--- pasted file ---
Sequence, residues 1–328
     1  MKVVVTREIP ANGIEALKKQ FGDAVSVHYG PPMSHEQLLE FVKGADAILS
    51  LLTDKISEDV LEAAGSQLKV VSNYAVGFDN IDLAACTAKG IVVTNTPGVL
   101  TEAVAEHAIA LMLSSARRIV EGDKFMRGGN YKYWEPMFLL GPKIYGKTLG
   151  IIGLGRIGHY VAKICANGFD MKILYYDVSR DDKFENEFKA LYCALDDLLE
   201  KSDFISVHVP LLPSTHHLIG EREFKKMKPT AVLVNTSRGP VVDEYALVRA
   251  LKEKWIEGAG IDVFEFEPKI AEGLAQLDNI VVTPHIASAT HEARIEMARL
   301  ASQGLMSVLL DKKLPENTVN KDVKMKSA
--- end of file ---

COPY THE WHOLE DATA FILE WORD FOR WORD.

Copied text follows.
Sequence, residues 1–328
     1  MKVVVTREIP ANGIEALKKQ FGDAVSVHYG PPMSHEQLLE FVKGADAILS
    51  LLTDKISEDV LEAAGSQLKV VSNYAVGFDN IDLAACTAKG IVVTNTPGVL
   101  TEAVAEHAIA LMLSSARRIV EGDKFMRGGN YKYWEPMFLL GPKIYGKTLG
   151  IIGLGRIGHY VAKICANGFD MKILYYDVSR DDKFENEFKA LYCALDDLLE
   201  KSDFISVHVP LLPSTHHLIG EREFKKMKPT AVLVNTSRGP VVDEYALVRA
   251  LKEKWIEGAG IDVFEFEPKI AEGLAQLDNI VVTPHIASAT HEARIEMARL
   301  ASQGLMSVLL DKKLPENTVN KDVKMKSA